Back when Persona 4 Arena was announced in 2011, it seemed like an odd move for both parties involved. For Atlus, it was a drastic shift from the critically acclaimed RPGs they had been known for. Furthermore, the other developer involved with production, Arc System Works, was already juggling two franchises of their own when the project was revealed. However, all of the concern over the title was for nothing, as it received solid scores across the board. Now, just two years later, Atlus and Arc have joined forces once again for Persona 4 Arena Ultimax, which sits somewhere between full sequel and add-on.
Set directly after the events of the original game, Ultimax finds Yu Narukami and company once again thrust into action. Last time around, the Investigation Team ventured into the TV World in order to put a stop to General Teddie. Following a brief break, the Midnight Channel once again goes live, but this time the real world is in imminent danger. It’s soon a race against time, as the General has returned once more and has given the team little time to save the day.
Taking place over two different campaigns, the title features a surprisingly robust story for a fighting game. I suppose this is to be expected, as the Persona series is known for hefty narratives. However, it is still an anomaly in the fighting genre, as most games are simply content with giving you a simple arcade mode to play around in. It’s especially impressive due to the fact that you don’t even need to be a fan of the franchise to enjoy the tale here. Obviously, being familiar with the series will bring you more enjoyment, but Atlus provides enough background to make it interesting for everyone.
If there is one qualm I have with the main story mode, however, it’s that it takes a decent amount of time to really get going. This is particularly troublesome during the beginning of the Persona 4 story, as you have to sit through a long stretch of plot before you get to the first fight. Things pick up a little bit after that, but there is still a lot of sitting around and waiting for things to progress at the start of the game. While it is certainly an improvement over the story included in Persona 4 Arena, it could have used some fine tuning.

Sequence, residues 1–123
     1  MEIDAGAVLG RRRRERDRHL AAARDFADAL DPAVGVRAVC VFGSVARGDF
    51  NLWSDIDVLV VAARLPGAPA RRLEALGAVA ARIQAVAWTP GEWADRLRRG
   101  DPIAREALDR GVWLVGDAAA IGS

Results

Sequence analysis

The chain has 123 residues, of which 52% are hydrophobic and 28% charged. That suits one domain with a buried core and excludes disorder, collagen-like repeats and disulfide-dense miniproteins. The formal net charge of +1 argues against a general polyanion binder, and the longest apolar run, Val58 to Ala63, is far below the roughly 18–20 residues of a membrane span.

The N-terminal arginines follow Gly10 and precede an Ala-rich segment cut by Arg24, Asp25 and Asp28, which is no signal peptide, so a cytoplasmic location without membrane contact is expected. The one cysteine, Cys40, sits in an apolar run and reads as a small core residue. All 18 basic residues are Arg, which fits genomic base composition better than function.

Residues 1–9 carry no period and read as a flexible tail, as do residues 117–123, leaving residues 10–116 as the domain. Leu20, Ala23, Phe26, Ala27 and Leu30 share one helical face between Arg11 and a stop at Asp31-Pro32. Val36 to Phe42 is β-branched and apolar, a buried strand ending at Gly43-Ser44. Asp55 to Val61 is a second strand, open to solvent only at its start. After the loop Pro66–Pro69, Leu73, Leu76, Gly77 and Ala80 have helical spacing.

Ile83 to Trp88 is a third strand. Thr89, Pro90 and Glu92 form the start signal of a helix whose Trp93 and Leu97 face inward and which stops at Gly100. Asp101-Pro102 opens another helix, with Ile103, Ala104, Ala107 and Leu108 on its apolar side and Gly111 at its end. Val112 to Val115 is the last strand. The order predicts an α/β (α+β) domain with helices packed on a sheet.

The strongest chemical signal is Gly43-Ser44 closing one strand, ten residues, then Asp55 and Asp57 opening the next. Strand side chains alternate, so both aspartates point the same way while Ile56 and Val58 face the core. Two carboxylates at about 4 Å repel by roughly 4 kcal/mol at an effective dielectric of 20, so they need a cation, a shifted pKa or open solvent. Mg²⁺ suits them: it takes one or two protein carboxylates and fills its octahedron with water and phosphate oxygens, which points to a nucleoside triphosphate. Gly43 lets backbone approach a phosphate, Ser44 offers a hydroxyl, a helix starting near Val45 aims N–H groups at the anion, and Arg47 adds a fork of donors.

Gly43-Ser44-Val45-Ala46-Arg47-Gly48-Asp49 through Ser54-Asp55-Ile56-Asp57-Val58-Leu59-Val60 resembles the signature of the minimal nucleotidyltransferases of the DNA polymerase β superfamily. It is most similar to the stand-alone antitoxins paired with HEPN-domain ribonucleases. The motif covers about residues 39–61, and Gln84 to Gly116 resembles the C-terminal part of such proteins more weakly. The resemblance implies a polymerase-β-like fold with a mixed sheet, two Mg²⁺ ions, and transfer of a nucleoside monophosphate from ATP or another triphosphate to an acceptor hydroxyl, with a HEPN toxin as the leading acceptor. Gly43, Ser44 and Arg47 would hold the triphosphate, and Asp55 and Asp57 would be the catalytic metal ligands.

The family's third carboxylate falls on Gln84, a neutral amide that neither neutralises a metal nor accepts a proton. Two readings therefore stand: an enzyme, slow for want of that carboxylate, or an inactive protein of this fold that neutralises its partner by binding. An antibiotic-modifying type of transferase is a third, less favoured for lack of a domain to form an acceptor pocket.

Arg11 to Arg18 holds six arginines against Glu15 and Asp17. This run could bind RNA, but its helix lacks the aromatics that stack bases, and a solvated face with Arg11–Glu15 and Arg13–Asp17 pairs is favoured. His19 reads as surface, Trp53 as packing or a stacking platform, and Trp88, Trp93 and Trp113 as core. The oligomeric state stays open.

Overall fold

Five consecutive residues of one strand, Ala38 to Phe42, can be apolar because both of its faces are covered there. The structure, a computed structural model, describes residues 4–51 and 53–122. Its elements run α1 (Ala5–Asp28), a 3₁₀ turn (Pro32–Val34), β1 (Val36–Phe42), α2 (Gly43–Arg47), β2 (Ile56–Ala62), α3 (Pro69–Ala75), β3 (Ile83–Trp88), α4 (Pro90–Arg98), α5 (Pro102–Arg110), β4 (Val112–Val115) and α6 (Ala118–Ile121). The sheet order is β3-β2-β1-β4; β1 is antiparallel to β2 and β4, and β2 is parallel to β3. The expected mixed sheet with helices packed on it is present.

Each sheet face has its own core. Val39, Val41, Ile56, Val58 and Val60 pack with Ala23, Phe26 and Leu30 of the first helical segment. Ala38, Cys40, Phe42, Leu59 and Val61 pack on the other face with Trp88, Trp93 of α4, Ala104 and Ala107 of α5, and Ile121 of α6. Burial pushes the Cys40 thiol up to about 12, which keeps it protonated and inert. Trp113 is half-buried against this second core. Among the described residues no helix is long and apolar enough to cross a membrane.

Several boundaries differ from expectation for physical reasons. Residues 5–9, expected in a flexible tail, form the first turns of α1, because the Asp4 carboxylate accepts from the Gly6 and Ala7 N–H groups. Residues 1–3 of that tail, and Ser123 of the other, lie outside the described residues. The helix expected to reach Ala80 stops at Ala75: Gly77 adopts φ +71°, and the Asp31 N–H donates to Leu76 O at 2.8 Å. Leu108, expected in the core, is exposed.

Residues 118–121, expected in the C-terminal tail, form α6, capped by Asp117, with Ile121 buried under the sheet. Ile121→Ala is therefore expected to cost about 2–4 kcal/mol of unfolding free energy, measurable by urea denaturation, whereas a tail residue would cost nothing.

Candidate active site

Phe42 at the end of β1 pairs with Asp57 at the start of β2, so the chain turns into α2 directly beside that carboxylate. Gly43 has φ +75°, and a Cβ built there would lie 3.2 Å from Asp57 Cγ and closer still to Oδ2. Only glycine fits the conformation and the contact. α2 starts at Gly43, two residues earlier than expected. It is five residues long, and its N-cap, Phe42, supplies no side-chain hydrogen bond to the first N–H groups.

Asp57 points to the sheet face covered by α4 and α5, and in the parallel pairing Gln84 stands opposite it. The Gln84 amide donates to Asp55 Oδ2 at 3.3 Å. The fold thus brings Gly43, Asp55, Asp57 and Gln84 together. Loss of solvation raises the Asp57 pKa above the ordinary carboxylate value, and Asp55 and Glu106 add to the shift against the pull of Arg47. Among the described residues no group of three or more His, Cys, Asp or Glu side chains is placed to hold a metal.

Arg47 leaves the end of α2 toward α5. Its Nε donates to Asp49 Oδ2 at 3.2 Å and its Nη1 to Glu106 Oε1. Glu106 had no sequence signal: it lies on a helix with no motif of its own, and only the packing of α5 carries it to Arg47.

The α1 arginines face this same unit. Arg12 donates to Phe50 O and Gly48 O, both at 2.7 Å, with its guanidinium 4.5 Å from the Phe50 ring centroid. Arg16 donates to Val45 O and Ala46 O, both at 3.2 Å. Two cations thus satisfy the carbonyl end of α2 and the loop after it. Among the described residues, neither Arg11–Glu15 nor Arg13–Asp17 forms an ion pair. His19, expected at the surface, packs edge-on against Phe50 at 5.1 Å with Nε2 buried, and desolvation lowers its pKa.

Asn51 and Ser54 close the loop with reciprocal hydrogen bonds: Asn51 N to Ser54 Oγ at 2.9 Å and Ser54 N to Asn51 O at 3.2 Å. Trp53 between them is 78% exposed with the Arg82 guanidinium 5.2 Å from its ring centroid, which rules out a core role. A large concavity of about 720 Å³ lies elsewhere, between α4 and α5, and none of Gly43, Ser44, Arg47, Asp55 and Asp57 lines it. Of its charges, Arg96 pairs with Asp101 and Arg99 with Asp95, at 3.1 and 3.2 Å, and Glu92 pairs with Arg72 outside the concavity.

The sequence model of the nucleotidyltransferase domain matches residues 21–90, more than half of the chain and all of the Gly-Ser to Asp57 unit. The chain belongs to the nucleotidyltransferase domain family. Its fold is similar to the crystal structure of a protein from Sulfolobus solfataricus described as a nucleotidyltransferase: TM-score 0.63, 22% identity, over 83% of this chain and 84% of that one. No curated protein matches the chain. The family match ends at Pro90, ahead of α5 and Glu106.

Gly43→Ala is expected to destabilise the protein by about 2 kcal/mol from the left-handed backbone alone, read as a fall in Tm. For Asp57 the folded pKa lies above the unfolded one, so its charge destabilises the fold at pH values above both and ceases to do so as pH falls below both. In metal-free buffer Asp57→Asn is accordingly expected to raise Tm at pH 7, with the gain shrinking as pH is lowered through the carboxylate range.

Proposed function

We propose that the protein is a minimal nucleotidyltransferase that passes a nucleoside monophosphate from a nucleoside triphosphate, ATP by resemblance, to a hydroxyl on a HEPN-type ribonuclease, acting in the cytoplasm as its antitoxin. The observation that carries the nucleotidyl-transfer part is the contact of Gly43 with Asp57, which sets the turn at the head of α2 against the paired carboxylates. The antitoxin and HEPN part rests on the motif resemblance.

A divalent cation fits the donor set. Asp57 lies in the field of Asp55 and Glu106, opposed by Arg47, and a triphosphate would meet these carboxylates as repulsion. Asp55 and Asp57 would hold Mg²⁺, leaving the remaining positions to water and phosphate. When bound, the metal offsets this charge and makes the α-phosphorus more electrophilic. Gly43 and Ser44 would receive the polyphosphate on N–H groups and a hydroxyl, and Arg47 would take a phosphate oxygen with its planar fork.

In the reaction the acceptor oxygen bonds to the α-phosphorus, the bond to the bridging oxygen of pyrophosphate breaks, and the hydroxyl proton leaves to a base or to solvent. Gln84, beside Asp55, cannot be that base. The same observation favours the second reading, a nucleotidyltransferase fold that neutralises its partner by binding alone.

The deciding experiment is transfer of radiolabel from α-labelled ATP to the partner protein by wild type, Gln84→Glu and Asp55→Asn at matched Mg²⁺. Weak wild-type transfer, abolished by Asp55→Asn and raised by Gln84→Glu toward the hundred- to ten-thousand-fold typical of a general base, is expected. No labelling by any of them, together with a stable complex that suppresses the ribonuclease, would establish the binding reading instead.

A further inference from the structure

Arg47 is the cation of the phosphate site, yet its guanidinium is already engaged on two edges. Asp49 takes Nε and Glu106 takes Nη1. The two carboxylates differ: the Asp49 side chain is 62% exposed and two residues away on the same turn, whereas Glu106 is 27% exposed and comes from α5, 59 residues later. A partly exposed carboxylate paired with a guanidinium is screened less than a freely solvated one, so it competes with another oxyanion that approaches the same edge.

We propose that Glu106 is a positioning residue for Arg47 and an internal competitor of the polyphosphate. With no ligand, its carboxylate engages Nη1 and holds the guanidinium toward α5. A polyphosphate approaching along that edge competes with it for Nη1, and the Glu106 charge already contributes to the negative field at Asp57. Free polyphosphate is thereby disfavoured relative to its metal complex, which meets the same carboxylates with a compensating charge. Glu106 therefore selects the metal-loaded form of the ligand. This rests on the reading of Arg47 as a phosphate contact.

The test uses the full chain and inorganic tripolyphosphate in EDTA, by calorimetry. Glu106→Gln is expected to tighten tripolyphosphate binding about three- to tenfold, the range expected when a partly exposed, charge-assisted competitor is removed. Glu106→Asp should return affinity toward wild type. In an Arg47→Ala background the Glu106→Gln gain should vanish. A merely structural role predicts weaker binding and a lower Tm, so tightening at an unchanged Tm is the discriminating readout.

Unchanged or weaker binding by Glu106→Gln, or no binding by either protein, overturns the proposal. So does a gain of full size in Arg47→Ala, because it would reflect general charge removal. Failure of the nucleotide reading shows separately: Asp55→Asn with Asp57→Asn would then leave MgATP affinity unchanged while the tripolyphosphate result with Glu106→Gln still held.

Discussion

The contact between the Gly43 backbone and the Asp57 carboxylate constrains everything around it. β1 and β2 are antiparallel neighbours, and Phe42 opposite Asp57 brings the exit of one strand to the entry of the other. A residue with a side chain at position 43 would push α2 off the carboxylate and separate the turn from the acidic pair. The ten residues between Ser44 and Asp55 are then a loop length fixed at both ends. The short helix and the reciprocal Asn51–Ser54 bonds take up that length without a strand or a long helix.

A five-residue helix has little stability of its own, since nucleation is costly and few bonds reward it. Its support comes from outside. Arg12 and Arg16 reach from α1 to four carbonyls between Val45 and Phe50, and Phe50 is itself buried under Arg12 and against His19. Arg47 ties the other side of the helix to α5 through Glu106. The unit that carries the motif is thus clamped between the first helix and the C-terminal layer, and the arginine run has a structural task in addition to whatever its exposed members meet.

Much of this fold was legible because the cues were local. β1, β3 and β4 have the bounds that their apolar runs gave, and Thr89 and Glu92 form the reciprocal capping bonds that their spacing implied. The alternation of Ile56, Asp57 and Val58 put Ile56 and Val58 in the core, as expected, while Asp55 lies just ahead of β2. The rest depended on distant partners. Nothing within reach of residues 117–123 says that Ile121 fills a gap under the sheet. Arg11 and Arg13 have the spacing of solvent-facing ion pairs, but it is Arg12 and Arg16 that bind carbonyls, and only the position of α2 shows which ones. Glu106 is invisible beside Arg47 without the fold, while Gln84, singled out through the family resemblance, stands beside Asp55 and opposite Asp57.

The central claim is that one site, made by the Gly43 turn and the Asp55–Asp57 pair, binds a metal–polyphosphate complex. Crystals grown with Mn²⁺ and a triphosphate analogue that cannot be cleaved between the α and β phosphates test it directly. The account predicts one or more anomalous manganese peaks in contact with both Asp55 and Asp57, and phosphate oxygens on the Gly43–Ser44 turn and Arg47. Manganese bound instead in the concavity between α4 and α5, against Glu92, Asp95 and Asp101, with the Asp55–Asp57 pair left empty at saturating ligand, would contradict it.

If you would rather jump straight into the action, Persona 4 Arena Ultimax also offers your traditional fighting game modes. There’s the classic arcade mode, as well as online versus mode, which boasts a solid netcode once again. For those who are looking for a more RPG-like experience from their fighting game, but don’t want to sit through a mass of cutscenes, there’s the Golden Arena. In this mode, you are tasked with fighting through assorted dungeons, while also taking the time to level up your chosen combatant. As a slightly deeper experience, it did remind me a little of the Dungeon Master mode from Soulcalibur II, which just so happens to be one of my favorite fighting game campaigns.
While a smattering of modes to waste your time in is always welcome, they would all be for naught if the gameplay couldn’t match it. Luckily, in case you forgot, Arc System Works is pretty talented when it comes to the fighting genre. Perhaps the best way to describe the employed engine is that it is easy to learn, but difficult to master. Newcomers to the franchise can easily pick up the controller and start busting out combos with Chie, Junpei or whoever they wish to use. In order to further the training of new players, Arc System Works has also included a lengthy tutorial designed to teach you the ins-and-outs of the combat engine.
Those familiar with the BlazBlue and Guilty Gear franchises, however, know that there is more than meets the eye when it comes to fighting. In order to truly be successful in combat, you will need to fully understand how to time reversals, as well as when to unleash Personas and numerous other intricacies. The option to switch to “Shadow” modes of select fighters also adds an additional wrinkle to the series. These variations are more difficult to use, as they aren’t as powerful, but also get to keep their SP over rounds, which is more useful in the long run. It’s an interesting gamble to experiment with, and while I rarely used it, I at least enjoyed the option being there.
Similarly, if you’re familiar with the previous works of Arc System Works, then you already know that they are capable of producing some rather gorgeous animation. Persona 4 Arena Ultimax is no different in that regard, as the fluid 2D graphics do Atlus’ franchise justice. There’s especially a lot to love if you are a fan of the franchise, as little touches such as what items characters wield are sprinkled throughout the game.
Equally impressive is the soundtrack, which comes courtesy of composer Shoji Meguro. Meguro, who has been working on soundtracks for the franchise since 1996’s Revelations: Persona, does an excellent job of mixing up high and low-paced tunes. The high-energy soundtrack works particularly well while in combat, while the sparse piano playing perfectly suits the ever-creeping plotline. The English voice acting provided here is also enjoyable, even if I haven’t gotten used to Labrys’ accent quite yet.
While it’s true that Persona 4 Arena Ultimax is not the biggest improvement over Persona 4 Arena, that shouldn’t be held against it. After all, it provides several new fan favorite characters to choose from, two lengthy campaign modes and the same excellent gameplay that made the original such a smash. Whether you are familiar with the cult-RPG franchise or not, as long as you enjoy fighting games, I implore you to seek out this excellent effort.
This review was based off the PlayStation 3 version of the title, which we were provided with.
While not quite the advancement it could have been, Persona 4 Arena Ultimax is still a noticeable improvement over a title that was already great to begin with.